13. I think Section 52 of the Transfer of Property Act should be construed as applying to the case of a compromise decree in the absence, of course, of anything in the nature of fraud or collusion. This seems to be the natural construction of the section and it is in accordance with the principles on which the doctrine of lis pendens is based.
14. With all respect I think the case of Vythinadayyan v. Subramanya I.L.R(1889) M. 439 was wrongly decided, and I am of opinion that the answer to the question referred to us should be that the transfer to the plaintiff was subject to the decree and execution proceedings in O.S. No. 23 of 1897.
Subrahmanya Aiyar, J.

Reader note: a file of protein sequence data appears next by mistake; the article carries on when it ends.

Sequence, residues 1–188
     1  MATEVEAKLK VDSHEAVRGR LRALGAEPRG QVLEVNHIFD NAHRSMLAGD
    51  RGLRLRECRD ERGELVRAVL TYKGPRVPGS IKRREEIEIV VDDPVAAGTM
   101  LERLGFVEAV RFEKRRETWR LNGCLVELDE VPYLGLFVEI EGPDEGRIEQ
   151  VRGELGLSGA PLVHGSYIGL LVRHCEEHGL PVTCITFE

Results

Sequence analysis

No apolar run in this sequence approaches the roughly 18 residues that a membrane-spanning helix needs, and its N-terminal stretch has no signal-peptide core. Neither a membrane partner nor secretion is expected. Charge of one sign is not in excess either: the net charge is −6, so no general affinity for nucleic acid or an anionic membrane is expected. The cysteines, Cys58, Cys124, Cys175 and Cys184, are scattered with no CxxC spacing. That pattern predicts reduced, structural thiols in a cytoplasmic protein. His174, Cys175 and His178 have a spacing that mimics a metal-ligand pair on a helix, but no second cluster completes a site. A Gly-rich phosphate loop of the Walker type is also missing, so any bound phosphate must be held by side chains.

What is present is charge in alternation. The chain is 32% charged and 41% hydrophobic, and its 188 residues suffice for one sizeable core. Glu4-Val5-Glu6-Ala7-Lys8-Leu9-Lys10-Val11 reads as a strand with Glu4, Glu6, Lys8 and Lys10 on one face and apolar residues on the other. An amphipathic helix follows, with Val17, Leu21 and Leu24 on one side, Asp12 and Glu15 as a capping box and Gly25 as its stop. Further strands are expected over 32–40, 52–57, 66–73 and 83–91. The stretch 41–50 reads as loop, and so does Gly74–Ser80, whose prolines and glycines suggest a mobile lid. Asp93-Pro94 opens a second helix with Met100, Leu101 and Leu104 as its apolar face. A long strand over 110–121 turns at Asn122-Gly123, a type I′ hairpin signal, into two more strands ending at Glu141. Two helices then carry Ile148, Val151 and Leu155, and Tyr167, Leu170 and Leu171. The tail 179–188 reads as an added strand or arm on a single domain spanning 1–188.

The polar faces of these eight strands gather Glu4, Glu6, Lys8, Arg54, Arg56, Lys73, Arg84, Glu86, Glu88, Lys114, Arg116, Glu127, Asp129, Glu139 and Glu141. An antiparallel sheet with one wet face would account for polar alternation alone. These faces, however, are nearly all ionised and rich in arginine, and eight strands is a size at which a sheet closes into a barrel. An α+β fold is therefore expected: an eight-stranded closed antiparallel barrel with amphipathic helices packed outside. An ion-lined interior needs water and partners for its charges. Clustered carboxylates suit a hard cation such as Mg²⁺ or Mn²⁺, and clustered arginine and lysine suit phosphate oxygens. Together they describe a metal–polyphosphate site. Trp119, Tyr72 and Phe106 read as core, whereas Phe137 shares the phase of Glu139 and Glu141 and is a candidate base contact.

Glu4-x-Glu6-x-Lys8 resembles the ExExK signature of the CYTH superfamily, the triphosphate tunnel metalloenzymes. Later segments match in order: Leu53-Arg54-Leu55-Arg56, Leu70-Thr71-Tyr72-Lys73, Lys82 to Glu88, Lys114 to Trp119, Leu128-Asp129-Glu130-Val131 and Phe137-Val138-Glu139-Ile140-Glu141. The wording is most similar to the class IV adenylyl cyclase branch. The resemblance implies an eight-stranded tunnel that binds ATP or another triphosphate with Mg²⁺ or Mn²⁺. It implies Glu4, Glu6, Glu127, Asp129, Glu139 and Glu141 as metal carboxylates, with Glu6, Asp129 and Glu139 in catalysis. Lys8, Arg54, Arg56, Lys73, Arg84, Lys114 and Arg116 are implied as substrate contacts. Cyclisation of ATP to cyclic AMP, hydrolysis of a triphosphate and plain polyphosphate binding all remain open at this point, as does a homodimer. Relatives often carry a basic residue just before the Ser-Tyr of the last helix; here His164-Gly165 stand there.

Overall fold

15. I am also of the same opinion. Of course the word 'under any decree or order made therein' in Section 52 of the Transfer of Property Act upon their face lend no support to the argument of Sir V. Bashyam Iyengar on behalf of the appellant, that the fact of the bank's decree having been passed' on a compromise renders it unavailing as against him. But the argument was put thus: the word 'therein' after 'decree or order' in the section refers back to the words 'contentious suit or proceeding' and though in the present instance the suit was contentious up to the time the compromise was entered into, it ceased to be such when that was concluded; consequently the decree in question was not a decree of the description contemplated by the section. The argument of course assumes that the phrase 'contentious suit or proceeding' in the section covers only a suit or proceeding in which the parties are actually disputing and that only so long as the actual contest continues. In my opinion the word 'contentious' is employed in quite a different sense, viz., that in which Blackstone uses it in the passage cited in the recent New English Dictionary by Dr. Murray. That passage runs:-I pass by such ecclesiastical Courts, as have only what is called a voluntary and not a contentious jurisdiction; which are merely concerned in doing or selling what no one opposes, and which keep an open office for that purpose, (as granting dispensations, licenses, faculties and other remnants of the papal extortions) but do not concern themselves with administering redress to any injury (Blackstone's Commentaries, VI, Edn. (1774), Vol, III, p. 66). The contentious jurisdiction here spoken of is obviously that by invoking which a party having a difference with another puts the law in motion as against his adversary, in contradistinction to jurisdiction to be resorted to in matters which ex-hypothesi admit of no opposition. The same ' idea is conveyed in Stroude's Judicial Dictionary when the author in explaining the term 'contentious' observes that contentious business is the opposite of common form business. This interpretation is also in conformity with the opinion of Dr. Ghose who in his learned work on Mortgages points out that the term 'contentious proceeding' in the section has been borrowed from Probate Practice: where of course it merely means a proceeding in which there are adversary parties. (III Edn. p. 794). The unsoundness of the other view will be clearlv seen if the start-ling consequence involved in it is borne in mind, for, according to Sir V. Bhasyam Iyengar, a decree passed ex parte, or on confession, or as the result of the defendant abandoning a defence set up would, equally with a compromise decree, not avail the successful party as against a transferee pendente lite from the defendant. This is virtually to abolish the salutary doctrine of lis pendens completely, inasmuch as a defendant desirous of defeating the plaintiff, however good his title may be, has only to transfer the property in litigation 50 a third party and abstain from doing anything in the suit. The essence of the doctrine of lis pendens undoubtedly is that where a proceeding before a Court exercising contentious jurisdiction is honestly brought to a termination in one of the modes which the law permits to be terminated by and a decision of the Court is obtained, such decision is binding upon all persons who claim title by virtue of a transfer pending the litigation. With reference to this underlying principle there is no conceivable reason for attaching greater efficacy to a decision arrived at after actual contest than to decisions arrived at otherwise.